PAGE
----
Friday, 02 April 2021 01:03

Communion Tenebrae

Written by Jesse Neustadter

I have been thinking about the power of words to either hurt or heal. We have all said things that we wish we could take back. There is a time-tested object lesson, I think that Allyson, our children’s ministry director, even used it last summer during a kids’ message.

In the object lesson, you take a tube of toothpaste and squeeze out all the contents. Then you ask, “How difficult is it to put the paste back in the tube?” Of course, it is impossible to put the paste back in. In the same way, our words, once they are out, cannot be taken back. It’s a powerful visual. But on this Good Friday, I don’t want to focus on the fact that you can’t put the toothpaste back, even though that’s an important lesson to learn. I want to focus on the fact that it was pressure that pushed the toothpaste out. Jesus says that “out of the abundance of the heart the mouth speaks.” Pressure will push the inclinations of the heart out through our words. So, in those pressure moments, what do the words we say reveal about our hearts?

When Jesus was dying on the cross, he spoke seven different phrases. Under the greatest amount of pressure that any human being has ever endured, he opened his mouth and through his words gave a glimpse into his heart. Each of these seven phrases, the last words of Jesus spoken while on the cross, could be a sermon message in and of themselves because each phrase gives us understanding into how Jesus loves.

There is a song called “Last Words” by Andrew Peterson that includes each of these seven phrases, verbatim from Scripture. The song simply says what Jesus said. I was trying to figure out a way find a way for my worship team to play the song, but I cannot make it work. I can play the song and just sing each of the phrases in a linear way, but the power of the song is that each of the phrases are sung in the round. One phrase is sung, “Father forgive them for they know not what they do.” What an amazing glimpse into Jesus’ heart, that under the pressure of death, he was praying for those who were murdering him. While that phrase is being sung, the next one comes in, “Today, you will be with me in paradise.” Jesus looked at the thief next to him, who was dying a death he deserved according to the law, and Jesus offered him grace in response to repentance. While those two phrases are being sung, the next one starts, “Behold your son, behold your mother.” Jesus looks down at John, the disciple he loved, and at Mary, his own mother, and his heart goes out to them. Sensing their pain, Jesus gives a foreshadowing of the identity of the church, that in Jesus a new family is forming. It will be a family that cares for one another. While these three phrases are being sung, the other phrases are introduced one by one. “It is finished.” “I thirst.” “My God, my God, why have you forsaken me.” “Father, into your hands I commit my spirit.”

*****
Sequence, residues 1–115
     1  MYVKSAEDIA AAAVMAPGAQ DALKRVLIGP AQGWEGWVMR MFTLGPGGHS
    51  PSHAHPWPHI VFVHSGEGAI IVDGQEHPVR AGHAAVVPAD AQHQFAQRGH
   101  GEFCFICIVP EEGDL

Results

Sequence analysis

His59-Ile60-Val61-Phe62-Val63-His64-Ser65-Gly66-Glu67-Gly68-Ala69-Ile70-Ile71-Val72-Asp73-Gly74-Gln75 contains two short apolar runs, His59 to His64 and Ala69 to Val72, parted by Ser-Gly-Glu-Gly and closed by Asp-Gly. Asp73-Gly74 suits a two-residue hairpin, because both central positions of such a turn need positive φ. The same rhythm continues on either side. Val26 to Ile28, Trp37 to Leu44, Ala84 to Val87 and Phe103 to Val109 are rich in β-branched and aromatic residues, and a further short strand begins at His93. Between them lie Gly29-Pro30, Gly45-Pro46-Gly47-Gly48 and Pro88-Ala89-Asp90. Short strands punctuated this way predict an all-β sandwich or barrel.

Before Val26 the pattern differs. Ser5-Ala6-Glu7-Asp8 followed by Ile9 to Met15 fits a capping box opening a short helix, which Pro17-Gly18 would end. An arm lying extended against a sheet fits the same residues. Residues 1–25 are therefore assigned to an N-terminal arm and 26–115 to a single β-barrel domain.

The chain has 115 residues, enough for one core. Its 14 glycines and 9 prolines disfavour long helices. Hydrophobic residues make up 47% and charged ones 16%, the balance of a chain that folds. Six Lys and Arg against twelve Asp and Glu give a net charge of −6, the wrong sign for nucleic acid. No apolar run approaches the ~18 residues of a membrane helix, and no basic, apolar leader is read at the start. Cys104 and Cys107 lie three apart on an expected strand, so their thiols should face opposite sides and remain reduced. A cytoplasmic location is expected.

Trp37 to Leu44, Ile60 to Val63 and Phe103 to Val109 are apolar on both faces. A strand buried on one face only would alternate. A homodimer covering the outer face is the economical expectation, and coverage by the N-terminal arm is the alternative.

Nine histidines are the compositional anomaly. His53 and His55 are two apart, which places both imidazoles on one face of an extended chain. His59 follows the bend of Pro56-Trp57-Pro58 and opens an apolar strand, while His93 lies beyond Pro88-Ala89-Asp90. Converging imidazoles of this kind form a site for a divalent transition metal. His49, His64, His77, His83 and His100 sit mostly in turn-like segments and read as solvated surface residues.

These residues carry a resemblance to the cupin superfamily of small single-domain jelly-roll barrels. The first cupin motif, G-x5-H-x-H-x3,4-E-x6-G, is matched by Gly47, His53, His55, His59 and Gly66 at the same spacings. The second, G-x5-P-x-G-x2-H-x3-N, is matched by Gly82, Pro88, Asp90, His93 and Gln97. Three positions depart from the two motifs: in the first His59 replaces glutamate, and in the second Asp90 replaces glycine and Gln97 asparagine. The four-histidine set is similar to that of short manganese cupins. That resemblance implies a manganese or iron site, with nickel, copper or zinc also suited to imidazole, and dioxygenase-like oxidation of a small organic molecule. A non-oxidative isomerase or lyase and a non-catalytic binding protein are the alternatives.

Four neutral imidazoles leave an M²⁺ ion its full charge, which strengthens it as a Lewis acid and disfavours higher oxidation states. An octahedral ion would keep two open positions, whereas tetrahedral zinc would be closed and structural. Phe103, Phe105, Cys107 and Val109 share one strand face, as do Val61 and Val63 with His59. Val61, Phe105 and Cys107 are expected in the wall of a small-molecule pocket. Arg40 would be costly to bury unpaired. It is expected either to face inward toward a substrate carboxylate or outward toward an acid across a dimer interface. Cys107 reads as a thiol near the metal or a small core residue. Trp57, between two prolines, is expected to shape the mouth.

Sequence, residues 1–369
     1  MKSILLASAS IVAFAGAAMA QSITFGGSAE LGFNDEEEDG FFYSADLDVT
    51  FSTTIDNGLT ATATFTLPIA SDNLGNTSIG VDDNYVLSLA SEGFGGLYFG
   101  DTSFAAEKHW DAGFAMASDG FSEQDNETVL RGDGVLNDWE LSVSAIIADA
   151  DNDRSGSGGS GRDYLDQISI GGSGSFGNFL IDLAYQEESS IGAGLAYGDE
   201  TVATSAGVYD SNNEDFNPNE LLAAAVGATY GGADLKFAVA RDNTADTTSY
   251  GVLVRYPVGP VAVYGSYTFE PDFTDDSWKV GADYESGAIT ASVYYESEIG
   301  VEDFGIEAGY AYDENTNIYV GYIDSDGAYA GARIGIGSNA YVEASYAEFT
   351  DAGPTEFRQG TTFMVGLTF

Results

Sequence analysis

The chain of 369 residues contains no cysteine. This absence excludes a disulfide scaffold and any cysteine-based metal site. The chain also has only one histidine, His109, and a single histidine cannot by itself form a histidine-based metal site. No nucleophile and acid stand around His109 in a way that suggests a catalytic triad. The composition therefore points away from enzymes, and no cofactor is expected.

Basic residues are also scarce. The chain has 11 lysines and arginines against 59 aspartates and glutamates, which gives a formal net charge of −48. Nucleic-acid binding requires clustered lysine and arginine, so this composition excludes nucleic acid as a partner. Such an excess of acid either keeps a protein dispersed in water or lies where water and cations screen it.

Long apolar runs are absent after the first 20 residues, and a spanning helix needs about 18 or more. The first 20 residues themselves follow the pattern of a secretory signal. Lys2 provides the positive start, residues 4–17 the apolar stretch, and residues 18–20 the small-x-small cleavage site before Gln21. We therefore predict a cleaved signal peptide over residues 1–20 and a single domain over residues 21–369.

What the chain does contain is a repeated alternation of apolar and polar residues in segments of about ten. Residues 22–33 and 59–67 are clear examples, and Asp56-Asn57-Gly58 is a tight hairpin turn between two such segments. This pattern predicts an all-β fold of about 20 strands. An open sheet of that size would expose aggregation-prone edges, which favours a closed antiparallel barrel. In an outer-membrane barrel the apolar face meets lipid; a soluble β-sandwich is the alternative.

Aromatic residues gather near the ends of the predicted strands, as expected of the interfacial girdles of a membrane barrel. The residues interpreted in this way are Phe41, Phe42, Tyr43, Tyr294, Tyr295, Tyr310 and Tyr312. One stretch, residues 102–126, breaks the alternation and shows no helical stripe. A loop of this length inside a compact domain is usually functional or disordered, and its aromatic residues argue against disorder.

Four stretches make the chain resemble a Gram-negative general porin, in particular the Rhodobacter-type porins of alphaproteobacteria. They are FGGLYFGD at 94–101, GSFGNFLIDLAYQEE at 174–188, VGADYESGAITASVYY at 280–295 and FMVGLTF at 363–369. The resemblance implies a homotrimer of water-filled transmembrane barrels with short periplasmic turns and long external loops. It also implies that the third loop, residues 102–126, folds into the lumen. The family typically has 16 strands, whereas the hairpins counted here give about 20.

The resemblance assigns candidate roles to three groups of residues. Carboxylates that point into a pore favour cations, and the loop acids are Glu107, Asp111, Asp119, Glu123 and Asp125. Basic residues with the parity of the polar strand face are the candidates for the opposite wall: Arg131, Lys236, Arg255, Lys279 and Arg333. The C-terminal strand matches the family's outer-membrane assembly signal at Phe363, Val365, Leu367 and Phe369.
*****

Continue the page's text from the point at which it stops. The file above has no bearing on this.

The power of the song is in catching all these glimpses into the heart of Jesus nearly simultaneously. In a matter of only a few short hours, Jesus’s heart experienced each of these things. This overwhelms me. I sense the power of Jesus’s words and his love and I am met with the truth that I regularly fail to reveal the heart of Jesus through my words. But the challenge for myself and the challenge I have for you is to not focus on your words. Focus on your heart. Where is your heart failing to conform to Jesus? Because it is not only our words that Jesus is concerned about. It is not even primarily our words that Jesus cares about. Jesus did not die to save us from saying stupid and insensitive things. Jesus died so that, in him, our hearts can be reshaped and reformed to look like his heart. This Good Friday, may we be reminded that Jesus is not only concerned with our words, but that Jesus is primarily concerned about the posture of our heart. May our hearts be inclined towards his.

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More in this category: « Week 2: Shattered and Scattered

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